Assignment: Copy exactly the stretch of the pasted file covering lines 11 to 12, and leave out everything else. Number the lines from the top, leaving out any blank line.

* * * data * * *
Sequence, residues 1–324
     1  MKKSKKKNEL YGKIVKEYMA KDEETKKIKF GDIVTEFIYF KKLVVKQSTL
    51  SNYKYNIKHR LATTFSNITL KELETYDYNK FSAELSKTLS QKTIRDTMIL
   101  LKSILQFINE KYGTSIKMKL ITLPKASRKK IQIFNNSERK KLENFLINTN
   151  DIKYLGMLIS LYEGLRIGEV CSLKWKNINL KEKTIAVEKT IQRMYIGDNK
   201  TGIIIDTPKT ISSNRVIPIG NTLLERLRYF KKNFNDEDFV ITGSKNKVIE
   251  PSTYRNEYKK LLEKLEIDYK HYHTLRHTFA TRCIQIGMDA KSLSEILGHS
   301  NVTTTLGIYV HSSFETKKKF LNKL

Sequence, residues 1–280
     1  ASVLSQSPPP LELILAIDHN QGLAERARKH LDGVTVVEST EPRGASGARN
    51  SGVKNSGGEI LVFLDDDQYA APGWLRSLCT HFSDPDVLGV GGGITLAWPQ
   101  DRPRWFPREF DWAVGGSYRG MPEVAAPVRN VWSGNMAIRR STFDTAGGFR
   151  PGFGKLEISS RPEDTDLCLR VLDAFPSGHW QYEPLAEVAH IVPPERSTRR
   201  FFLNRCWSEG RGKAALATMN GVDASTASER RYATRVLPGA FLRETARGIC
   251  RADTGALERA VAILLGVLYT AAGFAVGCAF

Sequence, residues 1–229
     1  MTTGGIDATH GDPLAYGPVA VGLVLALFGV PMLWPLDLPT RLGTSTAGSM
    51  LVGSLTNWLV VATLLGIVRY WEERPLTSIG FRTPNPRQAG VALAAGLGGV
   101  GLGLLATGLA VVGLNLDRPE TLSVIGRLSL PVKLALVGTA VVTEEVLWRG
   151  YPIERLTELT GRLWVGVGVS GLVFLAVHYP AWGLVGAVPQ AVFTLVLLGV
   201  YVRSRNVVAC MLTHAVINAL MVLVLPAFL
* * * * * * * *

    51  SGVKNSGGEI LVFLDDDQYA APGWLRSLCT HFSDPDVLGV GGGITLAWPQ
   101  DRPRWFPREF DWAVGGSYRG MPEVAAPVRN VWSGNMAIRR STFDTAGGFR